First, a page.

Monday, June 16, 2014

The Washing Machine Saga

In non-gardening-related news, our washing machine (a freebie from 2008, when Blue Man Group closed its costume shop in Red Hook, Brooklyn) committed hara-kiri.  See the huge hole in the outer drum?  That shouldn't be there...


I took the washer apart to try to fix it, but replacement parts would cost $750.  

Seven Hundred and Fifty American Dollars.

So I went down the rabbit hole of researching new washing machines, versus used washing machines, versus home made, pedal-powered washing machines, versus old fashioned electric and hand activated washing machines...  According to my own comparisons between amazon.com reviews and Consumer Reports reviews, it seems machines can be found these days that are quiet and work well, but it also seems no one is making good and quiet machines that are also built to last.  The same machines that got the highest Consumer Reports ratings also had high volumes of customer complaints about the machines quickly breaking down or never working well in the first place.

I took a house-hold survey.  I was starting to get excited about pedal powered and hand washers, but Cindy and our upstairs tenant and friend, Ian, brought my head out of the clouds and overruled my hippie washing machine dreams on the grounds of time management.  Fair enough.

Cindy and I bought a used washer from a guy on e-bay for $200 plus the cost of a zipcar to go get it.  It makes a knocking sound when it agitates, which seemed to get better when I leveled the washer, but the knocking has come back again.  I've opened the front cover and can't see anything actually wrong with things as it's operating, so I'm going to hope for the best.  Plus, I really like this washer.  It's a top loader.  The old kaput one was a front loader.  As my grandmother used to say, "We shall see..."

Still, you should check out this video of a home-made pedal powered washing machine.  The couple who made it seem sweet:

I also stumbled on this video, which basically got me all excited about the possibilities of life:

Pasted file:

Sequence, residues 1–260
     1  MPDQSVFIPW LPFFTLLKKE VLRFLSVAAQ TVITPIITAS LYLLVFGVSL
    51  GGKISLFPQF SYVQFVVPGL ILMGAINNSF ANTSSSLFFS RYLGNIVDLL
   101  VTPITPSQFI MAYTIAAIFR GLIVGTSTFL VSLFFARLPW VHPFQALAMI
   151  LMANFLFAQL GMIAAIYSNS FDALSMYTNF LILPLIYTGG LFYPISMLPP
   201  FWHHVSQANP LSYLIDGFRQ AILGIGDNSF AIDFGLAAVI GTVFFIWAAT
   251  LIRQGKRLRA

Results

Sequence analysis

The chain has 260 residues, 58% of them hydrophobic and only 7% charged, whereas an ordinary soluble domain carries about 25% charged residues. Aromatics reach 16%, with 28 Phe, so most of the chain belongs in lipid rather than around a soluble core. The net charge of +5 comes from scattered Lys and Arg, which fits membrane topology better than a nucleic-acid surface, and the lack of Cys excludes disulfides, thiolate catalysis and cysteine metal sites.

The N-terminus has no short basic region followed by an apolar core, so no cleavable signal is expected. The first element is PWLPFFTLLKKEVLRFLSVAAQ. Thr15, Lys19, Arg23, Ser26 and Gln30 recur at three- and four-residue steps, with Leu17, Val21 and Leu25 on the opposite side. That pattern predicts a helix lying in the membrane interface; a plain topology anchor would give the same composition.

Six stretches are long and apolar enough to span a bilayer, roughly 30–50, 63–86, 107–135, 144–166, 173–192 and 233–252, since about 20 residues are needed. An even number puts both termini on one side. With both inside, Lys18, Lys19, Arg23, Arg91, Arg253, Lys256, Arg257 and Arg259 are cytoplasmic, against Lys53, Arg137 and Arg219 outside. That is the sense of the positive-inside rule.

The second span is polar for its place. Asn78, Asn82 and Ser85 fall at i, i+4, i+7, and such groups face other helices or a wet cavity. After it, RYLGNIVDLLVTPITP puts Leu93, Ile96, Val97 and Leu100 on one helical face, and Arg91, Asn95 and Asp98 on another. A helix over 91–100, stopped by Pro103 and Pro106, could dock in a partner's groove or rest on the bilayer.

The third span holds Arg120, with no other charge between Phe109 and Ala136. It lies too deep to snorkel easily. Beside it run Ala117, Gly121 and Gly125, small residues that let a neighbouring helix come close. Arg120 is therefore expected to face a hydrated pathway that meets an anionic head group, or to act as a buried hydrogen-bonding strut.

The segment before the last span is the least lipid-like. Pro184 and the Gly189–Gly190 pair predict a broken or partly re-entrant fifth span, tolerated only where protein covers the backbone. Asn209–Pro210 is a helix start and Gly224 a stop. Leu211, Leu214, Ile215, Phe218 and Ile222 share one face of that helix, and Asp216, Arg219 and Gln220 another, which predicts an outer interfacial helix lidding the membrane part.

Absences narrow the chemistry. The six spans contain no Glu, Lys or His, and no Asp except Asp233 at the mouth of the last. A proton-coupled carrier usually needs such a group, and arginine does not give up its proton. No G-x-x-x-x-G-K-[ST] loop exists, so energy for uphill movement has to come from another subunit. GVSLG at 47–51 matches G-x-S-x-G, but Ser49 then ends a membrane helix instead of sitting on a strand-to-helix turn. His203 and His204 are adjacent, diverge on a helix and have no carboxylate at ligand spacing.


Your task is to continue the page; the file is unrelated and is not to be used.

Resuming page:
Inspired by the above video, and wanting to salvage what we can, I'm keeping the old washing machine motor (for unknown future projects), I've turned the stainless steel drum into a fire pit for the back yard (we haven't tried it yet), and I took the glass out of the door for a mixing bowl.  I think I'm going to dismantle and keep the metal sides of the washer, too.  You never know when you might need some sturdy sheet metal.  Good materials are expensive and hard to get.  The rest (computer controls, all the plastic bits, the pumps, etc) is getting recycled, because it doesn't seem like there's a market for used parts for this machine.

In case you're curious, we don't have an electric dryer.  We hang-dry everything in the basement on two racks I made with a bunch of dowels and some scrap wood a few years ago.  Here's one of them:


By the way, that's the old washer (in pieces) on the left, and the new washer (under Ian's laundry basket) on the right.  I keep a dehumidifier running in the basement, because I don't want my tools to get rusty.  It also helps the clothes dry faster in the humid, Summer months.  And, with the top-loading washer, I can use the dehumidifier water in the washing machine.  Neat, eh?

Special thanks to Ian for helping us bring the replacement washing machine down into the basement.  And when I say "helping," I mean he did most of the work.

2 comments:

  1. This is an excellent post I seen thanks to share it. It is really what I wanted to see hope in future you will continue for sharing such a excellent post. professional window cleaning

    ReplyDelete
  2. The unfortunate part of all of this is, with a quick 2 minute inspection twice a year, and a $15-$20 part replacement if necessary, this could have all been prevented! Lucky for you, we're here to tell you how!
    sawspecialists.com/

    ReplyDelete